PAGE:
Tips for Supporting Your Muscle Health

Tips for Supporting Your Muscle Health

If you feel like you could use some advice on enhancing your muscle health and increasing strength, you’ve come to the right place. Muscle health can suffer with repetitive movement, a “weekend warrior” approach to exercise, improper technique while performing physical activity or playing sports, and traumatic injury.

Dr. Struan Coleman and his team are MVPs when it comes to counseling you about building muscle strength and reaching a state of robust muscle health. Even though Dr. Coleman is a highly talented and experienced board-certified orthopedic surgeon, part of his approach to patient care involves educating you about preventive steps you can take to avoid injury. 

Why are healthy muscles important? 

Healthy muscles are the cornerstone of a strong, healthy body. When you build muscle strength, you:

Muscle health is also linked to better energy, lower stress, and reduced blood sugar, so keeping your muscles in tiptop shape not only helps them, it improves your overall long-term health.  

What can compromise muscle health?

Sore or weak muscles happen to everyone, especially after a particularly tough workout, but persistent problems occur when you do things like awkwardly lift something heavy, fail to wear  the proper protective gear when you play sports, and amp up your physical activity too suddenly. 

Certain sports strain specific muscle groups more than others, like those that require you to grip something tightly (baseball, tennis), and sports that involve lots of running, like basketball.

You’re also more prone to injury the older you get, though even adolescents can be particularly vulnerable to muscle injury when they go through a growth spurt.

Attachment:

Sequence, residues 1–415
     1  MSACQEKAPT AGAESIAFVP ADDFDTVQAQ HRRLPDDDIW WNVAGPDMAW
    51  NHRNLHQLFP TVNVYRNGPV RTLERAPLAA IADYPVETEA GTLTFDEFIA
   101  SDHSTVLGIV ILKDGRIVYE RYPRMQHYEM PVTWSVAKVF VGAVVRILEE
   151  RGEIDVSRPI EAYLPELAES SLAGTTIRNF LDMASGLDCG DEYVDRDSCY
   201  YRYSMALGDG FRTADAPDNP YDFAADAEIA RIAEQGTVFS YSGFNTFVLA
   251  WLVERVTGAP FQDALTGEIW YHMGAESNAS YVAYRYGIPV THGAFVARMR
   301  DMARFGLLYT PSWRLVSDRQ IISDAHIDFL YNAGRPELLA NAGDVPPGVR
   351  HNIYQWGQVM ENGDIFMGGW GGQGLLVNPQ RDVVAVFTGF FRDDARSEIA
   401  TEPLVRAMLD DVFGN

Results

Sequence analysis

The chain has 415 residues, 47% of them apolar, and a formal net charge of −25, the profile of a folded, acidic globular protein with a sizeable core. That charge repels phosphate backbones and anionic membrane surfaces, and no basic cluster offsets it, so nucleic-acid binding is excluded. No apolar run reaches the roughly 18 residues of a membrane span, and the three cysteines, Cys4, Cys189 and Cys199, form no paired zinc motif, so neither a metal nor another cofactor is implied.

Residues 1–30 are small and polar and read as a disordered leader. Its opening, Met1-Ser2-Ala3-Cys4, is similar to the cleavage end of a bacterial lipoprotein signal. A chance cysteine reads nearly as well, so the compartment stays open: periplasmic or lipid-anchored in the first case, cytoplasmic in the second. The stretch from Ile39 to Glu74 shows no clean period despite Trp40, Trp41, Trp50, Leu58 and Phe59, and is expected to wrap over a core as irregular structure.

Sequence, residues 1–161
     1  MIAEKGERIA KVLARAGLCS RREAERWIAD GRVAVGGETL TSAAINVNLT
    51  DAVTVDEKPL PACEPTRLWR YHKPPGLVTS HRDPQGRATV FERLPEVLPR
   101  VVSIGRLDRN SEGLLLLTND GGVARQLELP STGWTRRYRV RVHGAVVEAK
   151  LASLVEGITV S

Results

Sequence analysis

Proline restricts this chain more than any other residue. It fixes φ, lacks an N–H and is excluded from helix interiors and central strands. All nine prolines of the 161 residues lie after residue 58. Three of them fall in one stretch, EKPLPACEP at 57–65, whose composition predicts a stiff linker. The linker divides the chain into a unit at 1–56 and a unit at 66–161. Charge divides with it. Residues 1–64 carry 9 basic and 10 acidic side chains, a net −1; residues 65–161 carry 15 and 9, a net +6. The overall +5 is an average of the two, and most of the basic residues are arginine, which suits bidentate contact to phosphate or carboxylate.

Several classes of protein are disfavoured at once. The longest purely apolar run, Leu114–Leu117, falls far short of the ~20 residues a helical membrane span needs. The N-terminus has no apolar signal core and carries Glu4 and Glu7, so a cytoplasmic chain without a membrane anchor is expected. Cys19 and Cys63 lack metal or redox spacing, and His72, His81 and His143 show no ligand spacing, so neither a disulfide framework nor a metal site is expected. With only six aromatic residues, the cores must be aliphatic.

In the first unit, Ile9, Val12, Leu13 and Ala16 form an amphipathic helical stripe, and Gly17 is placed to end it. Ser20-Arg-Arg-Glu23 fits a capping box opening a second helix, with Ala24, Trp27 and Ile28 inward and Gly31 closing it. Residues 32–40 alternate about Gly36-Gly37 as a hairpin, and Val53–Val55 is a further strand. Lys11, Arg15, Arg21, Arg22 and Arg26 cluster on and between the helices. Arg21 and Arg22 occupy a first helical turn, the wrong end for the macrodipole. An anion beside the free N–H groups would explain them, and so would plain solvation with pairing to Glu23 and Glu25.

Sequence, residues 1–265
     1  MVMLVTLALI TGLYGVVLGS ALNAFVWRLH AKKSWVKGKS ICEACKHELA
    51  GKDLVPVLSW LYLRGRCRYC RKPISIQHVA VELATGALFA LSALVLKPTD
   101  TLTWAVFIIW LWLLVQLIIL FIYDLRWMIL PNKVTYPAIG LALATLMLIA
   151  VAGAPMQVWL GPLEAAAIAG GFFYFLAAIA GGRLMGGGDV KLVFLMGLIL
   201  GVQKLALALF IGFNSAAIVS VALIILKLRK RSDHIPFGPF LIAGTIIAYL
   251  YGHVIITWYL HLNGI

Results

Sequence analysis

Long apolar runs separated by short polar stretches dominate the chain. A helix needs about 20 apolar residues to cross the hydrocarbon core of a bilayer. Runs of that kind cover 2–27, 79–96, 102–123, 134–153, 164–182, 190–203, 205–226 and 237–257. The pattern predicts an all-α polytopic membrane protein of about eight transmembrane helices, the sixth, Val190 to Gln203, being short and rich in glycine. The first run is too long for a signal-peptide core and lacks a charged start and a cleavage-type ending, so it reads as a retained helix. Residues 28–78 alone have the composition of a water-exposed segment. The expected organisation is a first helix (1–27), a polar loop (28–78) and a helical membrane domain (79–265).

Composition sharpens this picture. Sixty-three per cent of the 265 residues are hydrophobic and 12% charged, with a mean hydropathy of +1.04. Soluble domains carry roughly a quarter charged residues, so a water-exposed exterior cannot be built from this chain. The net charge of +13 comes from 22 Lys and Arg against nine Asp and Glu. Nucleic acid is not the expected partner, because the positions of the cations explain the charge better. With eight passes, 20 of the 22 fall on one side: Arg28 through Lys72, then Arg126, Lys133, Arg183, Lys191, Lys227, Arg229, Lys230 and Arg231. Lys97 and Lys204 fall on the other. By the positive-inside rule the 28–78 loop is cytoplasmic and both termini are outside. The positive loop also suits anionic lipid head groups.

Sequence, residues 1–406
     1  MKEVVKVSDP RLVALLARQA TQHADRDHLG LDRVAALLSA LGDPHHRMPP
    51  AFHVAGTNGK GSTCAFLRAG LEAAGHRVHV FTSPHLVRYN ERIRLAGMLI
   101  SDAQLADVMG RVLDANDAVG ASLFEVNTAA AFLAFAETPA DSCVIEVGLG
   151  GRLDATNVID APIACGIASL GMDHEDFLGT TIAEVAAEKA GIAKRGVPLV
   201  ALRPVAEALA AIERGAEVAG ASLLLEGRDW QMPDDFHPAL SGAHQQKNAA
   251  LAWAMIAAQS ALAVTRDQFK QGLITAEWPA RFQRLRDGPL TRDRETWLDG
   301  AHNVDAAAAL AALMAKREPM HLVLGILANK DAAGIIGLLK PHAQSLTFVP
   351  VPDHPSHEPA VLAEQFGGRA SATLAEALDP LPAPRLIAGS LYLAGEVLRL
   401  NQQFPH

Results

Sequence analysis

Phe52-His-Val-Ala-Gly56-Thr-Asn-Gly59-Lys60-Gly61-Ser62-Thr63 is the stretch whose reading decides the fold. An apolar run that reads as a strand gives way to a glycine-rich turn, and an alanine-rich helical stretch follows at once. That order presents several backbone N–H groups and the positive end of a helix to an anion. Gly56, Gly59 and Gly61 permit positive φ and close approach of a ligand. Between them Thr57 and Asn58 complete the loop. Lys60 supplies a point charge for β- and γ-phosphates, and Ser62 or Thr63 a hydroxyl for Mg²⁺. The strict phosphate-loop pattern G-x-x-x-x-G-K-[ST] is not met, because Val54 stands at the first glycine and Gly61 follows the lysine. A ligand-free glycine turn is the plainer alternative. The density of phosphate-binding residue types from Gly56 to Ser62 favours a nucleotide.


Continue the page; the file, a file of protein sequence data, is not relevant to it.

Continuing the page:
Compromised muscles lead to a host of problems that may even lead to surgery, including: 

Rotator cuff injuries occur when the tendons that connect your muscles to your bones are strained and overstretched, while hamstring injuries are more likely when your muscles are fatigued and tight. 

When the tendons, ligaments, and muscles that surround your shoulder tear, you may experience painful shoulder dislocation. This injury can happen more than once, and that puts you at higher risk for arthritis in the joint later on.  

And muscle problems aren’t isolated. If your muscles aren’t in the best condition, you’re more susceptible to injury and future problems that aren’t related to the muscles themselves.

What you can do to support muscle health

You’ll feel empowered by adopting these muscle-healthy habits. Dr. Coleman recommends:

1. Movement (but it needs to be smart)

Have you ever heard the phrase “Motion is lotion?” It means that keeping moving keeps you healthy, and this is definitely true for your muscles. There are right and wrong ways to move, though.

Rather than demanding too much from your body and failing to pace yourself, pick up resistance training, which involves using things like weights or bands to make your muscles work against something. Exercises like leg lifts and push-ups are similarly beneficial. Even vacuuming and mowing the lawn count.